BY HECTOR BALDERAS
This weekend, millions of Americans will pause to reflect and honor the legacy of Cesar Chavez.
Cesar Chavez will always be known as a tireless advocate for the poor and underrepresented. When he saw an entire group of our society struggle with no one speaking for them, he not only lent his voice, but helped them realize how to make theirs heard.
For most of our nation’s history the migrant workers who picked the lettuce, the peas, the beans, the cherries, and the grapes were paid almost nothing. They suffered their injustice without hope. With his nonviolent approach to change, Cesar Chavez led the pickets, the marches, the strikes, and the boycotts until finally farm workers achieved higher wages, better working conditions in the fields, and the right to bargain collectively.
As a leader in the fight for justice for migrant workers, and of the Latino civil rights movement in general, Cesar Chavez helped generations of Latinos in America realize a sense of self-empowerment, whether it was standing up to brutality or simply registering to vote.
Cesar Chavez was guided by a simple principle — to leave the world a better place than we found it. He showed us that a single voice can change our country. And he showed us how strong a people can be when they bind their hearts and efforts together in a sense of community.
The hope and optimism that Cesar Chavez articulated inspired generations after him. As a young boy growing up in Wagon Mound, my mom and I lived in public housing and survived on Medicaid and food stamps. But even as a boy growing up in family and community that did not have much, I never knew we were poor. Instead, my mother filled her children with a sense of hope and optimism. She taught us that with hard work, a strong sense of community, and the willingness to stand up for what is right, the sky was the limit.
Sadly, today there are far too many families in too many New Mexico communities who have lost that sense of hope – who no longer believe that the sky’s the limit. They worry about a lack of jobs in their communities, whether or not they can pay their mortgage, how they will send their kids to college, or if their kids will even finish high school. For the first time, they’ve lost hope that their children will have it better off than they did.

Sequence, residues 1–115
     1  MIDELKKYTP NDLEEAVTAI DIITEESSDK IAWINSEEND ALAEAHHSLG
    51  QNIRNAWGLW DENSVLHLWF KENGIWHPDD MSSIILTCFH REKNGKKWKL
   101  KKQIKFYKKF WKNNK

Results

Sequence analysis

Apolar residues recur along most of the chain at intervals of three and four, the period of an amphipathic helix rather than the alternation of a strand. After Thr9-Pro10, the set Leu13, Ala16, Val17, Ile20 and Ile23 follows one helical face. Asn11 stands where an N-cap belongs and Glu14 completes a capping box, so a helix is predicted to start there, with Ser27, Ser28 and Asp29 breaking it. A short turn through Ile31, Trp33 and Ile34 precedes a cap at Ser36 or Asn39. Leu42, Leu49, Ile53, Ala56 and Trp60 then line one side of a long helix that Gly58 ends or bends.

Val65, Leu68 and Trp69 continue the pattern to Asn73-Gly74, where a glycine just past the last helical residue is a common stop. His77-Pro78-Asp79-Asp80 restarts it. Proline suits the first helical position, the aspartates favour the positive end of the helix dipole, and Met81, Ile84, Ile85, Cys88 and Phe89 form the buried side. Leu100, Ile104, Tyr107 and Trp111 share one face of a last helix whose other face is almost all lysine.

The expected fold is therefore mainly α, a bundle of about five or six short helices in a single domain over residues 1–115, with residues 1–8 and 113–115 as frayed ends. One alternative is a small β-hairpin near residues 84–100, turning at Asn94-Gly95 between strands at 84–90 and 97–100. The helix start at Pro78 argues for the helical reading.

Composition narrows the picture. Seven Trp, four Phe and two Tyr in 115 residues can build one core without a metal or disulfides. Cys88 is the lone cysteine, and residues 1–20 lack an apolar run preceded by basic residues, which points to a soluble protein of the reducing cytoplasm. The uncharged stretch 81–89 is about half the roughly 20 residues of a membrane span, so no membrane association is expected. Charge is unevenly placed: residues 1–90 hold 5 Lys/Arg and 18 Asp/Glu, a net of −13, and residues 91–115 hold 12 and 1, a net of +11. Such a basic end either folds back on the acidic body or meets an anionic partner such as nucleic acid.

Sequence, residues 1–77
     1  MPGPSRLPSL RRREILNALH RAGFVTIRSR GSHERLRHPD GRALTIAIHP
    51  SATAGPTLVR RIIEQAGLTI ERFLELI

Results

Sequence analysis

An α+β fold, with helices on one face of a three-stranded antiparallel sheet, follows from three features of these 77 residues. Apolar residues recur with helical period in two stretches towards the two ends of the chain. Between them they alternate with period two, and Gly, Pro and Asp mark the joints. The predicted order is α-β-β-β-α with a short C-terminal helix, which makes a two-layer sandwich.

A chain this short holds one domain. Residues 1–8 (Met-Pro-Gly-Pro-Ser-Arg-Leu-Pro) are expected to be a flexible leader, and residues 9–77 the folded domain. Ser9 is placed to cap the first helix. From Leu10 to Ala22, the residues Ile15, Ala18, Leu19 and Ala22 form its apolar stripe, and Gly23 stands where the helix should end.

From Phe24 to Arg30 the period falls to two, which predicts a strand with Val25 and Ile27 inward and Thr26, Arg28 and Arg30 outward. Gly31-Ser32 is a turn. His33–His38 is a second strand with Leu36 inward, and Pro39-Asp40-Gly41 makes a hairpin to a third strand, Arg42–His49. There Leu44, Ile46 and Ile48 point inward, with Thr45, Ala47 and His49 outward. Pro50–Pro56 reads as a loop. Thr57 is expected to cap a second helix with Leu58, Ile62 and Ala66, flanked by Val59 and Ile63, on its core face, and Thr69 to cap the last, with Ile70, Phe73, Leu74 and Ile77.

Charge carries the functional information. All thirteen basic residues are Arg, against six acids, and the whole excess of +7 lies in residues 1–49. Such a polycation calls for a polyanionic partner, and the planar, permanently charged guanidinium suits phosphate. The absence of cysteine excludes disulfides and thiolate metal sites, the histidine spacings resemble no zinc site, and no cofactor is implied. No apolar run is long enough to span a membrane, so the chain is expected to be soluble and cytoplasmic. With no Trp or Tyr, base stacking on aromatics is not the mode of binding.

And it’s no wonder. When they look at Washington and see our political and leaders arguing over how big of a tax cut to give the wealthiest among us, people lose hope.
When they look at Wall Street and see that not one single person that caused our nation’s economic crisis has gone to jail or been held accountable, people lose hope.
Cesar Chavez taught us that there’s a better way. That the only way to strengthen our society is by investing in all our people – not just the most privileged. By investing in public education, rural infrastructure, and our struggling small business owners, and protecting programs like Social Security, Medicare and Medicaid, we will not only be helping our most vulnerable, we will be strengthening our entire nation.
As Chavez once said, “We cannot seek achievement for ourselves and forget about progress and prosperity for our community. Our ambitions must be broad enough to include the aspirations and needs of others, for their sakes and for our own.”
That is a lesson our political and corporate leaders could stand to learn.
But we cannot rely on them. If there’s anything that Cesar Chavez taught us, it’s that we must take our destiny into our own hands. Only we can ensure that our voices are heard and that our communities thrive and succeed.
That is what inspired me to enter into public service. Throughout our entire history as a nation, only seven Latinos have ever been elected to the U.S. Senate. We need more people from our community to step up and be active, not just by running for office, but by getting engaged in our community, and by using the most simple but powerful weapon we have – our votes.
Even with that, there are many cynics who wonder if we will ever be able to truly bring change, if we are too much of an underdog. To them, I say that I began every one of my political campaigns as an underdog. But that’s OK because I’m in good company. We are a state full of underdogs.
But if there’s one thing that Cesar Chavez taught us – and that history has proven – it is that we as a community, we as a people, and we as a nation are at our strongest when our underdogs make their voices heard.
This weekend, the dream still lives and our hopes continue to sustain us. Cesar Chavez’s struggle is our struggle, and the struggle ennobles us. Let us honor him by never losing his sense of abetter world, and let us prove to our mothers that we still believe that the sky’s the limit.
HECTOR BALDERAS is New Mexico State Auditor and a Democratic candidate for the United States Senate. Learn more about him at www.hectorbalderas.com